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By DON AINES | June 14, 2010
HAGERSTOWN -- One year younger than the nation it symbolizes, Old Glory celebrated its 233rd birthday Monday with a small gathering in University Plaza and a performance by a veteran of the event, 10-year-old Abigail Nigh. "She gets better every year," Hagerstown Mayor Robert E. Bruchey II said after Nigh sang Irving Berlin's "God Bless America" before a group of about 40 participants and spectators at the Flag Day ceremony. "I think it's four times," Abigail said when asked how many times she has performed at Flag Day. Nigh was one of two young singers at the ceremony.
By SHERRY BOURGEOIS | February 12, 2011
"Congress shall make no law respecting an establishment of religion, or prohibiting the free exercise thereof; or abridging the freedom of speech, or of the press; or the right of the people peaceably to assemble, and to petition the Government for a redress of grievances. " Those 45 words in the First Amendment to the U.S. Constitution cover a great deal of territory. Yet, have we become so complacent in the freedoms guaranteed in those words that we assume they always will be there?
July 4, 2004
All too often, we Americans enjoy our many freedoms without really thinking about our responsibilities as citizens. With Independence Day facing me again, I found myself wondering what our nation's founders and leaders would have said to me if we could have talked. I consulted Bartlett's Quotations online ( on the Web) when writing this column and imagined a meeting with these men. A rude awakening Watching TV late at night.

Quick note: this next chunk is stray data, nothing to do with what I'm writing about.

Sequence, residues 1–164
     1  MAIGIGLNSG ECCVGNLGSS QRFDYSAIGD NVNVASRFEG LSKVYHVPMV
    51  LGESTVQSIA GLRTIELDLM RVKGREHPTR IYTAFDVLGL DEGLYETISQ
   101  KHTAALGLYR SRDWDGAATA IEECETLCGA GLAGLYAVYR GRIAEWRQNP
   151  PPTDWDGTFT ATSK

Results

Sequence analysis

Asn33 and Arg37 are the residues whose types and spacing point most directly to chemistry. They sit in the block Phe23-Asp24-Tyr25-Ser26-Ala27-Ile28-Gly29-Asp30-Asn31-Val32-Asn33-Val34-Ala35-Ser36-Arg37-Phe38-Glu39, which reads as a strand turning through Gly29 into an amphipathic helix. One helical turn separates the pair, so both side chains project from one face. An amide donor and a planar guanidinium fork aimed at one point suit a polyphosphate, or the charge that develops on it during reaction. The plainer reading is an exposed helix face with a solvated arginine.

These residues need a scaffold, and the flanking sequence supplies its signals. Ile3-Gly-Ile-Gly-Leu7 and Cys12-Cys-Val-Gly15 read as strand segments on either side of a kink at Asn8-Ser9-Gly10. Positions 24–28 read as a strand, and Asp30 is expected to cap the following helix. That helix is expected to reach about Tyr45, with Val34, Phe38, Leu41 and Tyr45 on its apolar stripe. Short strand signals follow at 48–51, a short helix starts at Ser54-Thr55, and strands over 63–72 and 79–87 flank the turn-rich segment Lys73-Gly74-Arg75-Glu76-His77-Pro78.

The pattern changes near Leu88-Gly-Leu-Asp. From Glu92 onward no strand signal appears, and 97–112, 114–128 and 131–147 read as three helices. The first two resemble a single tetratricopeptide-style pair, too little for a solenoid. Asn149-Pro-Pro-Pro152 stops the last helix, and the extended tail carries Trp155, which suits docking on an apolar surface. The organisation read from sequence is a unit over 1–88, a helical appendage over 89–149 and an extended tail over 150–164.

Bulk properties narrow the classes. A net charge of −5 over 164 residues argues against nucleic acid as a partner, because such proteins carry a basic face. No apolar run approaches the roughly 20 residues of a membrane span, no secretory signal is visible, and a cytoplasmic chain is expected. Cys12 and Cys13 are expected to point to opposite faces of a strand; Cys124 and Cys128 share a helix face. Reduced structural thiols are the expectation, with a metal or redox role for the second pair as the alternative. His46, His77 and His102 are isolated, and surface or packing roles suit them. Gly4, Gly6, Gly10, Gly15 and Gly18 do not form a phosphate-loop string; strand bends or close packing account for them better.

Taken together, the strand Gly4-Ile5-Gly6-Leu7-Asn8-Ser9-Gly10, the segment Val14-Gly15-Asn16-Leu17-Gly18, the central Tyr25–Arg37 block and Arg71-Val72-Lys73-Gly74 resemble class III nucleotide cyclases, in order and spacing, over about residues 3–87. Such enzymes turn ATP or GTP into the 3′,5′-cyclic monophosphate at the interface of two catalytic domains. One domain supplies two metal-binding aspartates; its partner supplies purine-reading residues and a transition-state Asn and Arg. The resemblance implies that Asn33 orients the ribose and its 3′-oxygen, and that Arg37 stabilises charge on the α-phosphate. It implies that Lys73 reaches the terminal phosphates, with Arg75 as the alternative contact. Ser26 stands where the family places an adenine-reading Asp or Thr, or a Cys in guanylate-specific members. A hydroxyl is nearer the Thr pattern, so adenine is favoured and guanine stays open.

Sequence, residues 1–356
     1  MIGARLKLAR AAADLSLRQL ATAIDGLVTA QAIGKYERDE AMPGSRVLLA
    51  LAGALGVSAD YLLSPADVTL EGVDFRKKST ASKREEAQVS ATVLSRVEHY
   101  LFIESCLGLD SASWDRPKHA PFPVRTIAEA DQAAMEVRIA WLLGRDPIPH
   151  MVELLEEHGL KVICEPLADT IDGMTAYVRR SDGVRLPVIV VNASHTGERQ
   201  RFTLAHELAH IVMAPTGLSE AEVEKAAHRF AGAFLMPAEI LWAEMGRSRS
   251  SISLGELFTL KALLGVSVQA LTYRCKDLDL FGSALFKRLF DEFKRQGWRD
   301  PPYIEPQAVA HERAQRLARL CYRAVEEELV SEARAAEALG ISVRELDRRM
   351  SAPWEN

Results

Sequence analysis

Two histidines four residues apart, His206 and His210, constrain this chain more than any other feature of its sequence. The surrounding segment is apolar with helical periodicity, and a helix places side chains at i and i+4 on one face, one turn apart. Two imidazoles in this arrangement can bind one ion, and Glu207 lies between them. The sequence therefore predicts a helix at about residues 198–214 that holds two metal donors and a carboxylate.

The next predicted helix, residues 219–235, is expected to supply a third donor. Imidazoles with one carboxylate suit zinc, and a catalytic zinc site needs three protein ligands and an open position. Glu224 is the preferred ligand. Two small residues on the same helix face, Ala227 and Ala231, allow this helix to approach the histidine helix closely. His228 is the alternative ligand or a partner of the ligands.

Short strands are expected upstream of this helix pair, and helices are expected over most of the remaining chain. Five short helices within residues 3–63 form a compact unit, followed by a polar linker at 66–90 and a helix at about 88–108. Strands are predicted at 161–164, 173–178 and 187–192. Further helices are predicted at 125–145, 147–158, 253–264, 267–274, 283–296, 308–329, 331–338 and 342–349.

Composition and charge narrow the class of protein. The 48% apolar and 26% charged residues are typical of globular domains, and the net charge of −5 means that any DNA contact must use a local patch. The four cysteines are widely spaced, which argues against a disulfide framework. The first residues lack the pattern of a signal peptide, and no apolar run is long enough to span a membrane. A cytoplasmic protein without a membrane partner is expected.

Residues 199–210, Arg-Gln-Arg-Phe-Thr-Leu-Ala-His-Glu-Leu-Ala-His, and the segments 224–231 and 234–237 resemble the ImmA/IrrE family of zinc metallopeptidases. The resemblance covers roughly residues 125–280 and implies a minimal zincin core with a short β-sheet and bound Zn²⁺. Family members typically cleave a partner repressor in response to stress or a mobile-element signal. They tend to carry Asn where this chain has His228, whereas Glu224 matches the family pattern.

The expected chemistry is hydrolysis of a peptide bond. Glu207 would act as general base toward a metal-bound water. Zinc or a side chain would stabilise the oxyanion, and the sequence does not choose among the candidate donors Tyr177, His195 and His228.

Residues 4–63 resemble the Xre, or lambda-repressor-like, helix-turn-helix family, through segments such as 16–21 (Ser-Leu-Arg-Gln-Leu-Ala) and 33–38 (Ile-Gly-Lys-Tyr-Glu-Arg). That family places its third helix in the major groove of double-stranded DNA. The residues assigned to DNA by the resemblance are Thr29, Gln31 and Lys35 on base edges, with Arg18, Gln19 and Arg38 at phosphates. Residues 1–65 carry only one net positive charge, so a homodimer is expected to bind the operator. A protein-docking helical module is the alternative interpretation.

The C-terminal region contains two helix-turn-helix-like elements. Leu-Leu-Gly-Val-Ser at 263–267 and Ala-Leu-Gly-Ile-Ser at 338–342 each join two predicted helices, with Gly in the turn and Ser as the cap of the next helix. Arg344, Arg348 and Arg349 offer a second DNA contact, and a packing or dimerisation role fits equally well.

By ROXANN MILLER | | September 2, 2011
A video recounting the history of escaped slaves using the Underground Railroad in the South Mountain region was unveiled Friday to educators and other community members at a private showing at Caledonia State Park. The Franklin County Visitors Bureau and the South Mountain Partnership's 15-minute DVD, titled "Road to Freedom," was shown to school administrators, library directors and others at the ranger station in the park off Pa. 30 in Fayetteville, Pa. The video featured Thaddeus Stevens' blacksmith shop at Caledonia State Park, which has been designated as part of the National Underground Railroad Network to Freedom.
By DAN DEARTH | | May 29, 2011
Bill Young’s deployment to Vietnam as a legal officer in 1967 has morphed into a calling to help the poor of Southeast Asia. As a member of the Global Community Service Foundation, Young of Hagerstown said he and his wife, Frances, have traveled numerous times to Myanmar and Vietnam to provide education and clean drinking water to the poorest of the poor. “We do humanitarian work there, and we do it at our own risk,” Young said. “I can’t wait to go back. The rewards are just unbelievable.” He said traveling to countries with oppressive governments and widespread poverty makes him appreciate the freedoms that Americans take for granted.
By DAN KAUFFMAN | April 14, 2000
I thought I knew the definition of freedom pretty well. I've had some good history teachers and professors. I'm sure I've looked up freedom in the dictionary more than once. cont. from lifestyle On Feb. 24, freedom took on a whole new meaning for me, one I found through the Internet instead of a textbook or a classroom. I found it from a 17-year-old girl who was, fittingly enough, trying to do schoolwork. That particular Thursday had been a rather decent day. It was 70 degrees, and, in February, I won't complain about that kind of weather, even if I acted goofy around an attractive girl at HCC. But that's hardly a first.
October 28, 2011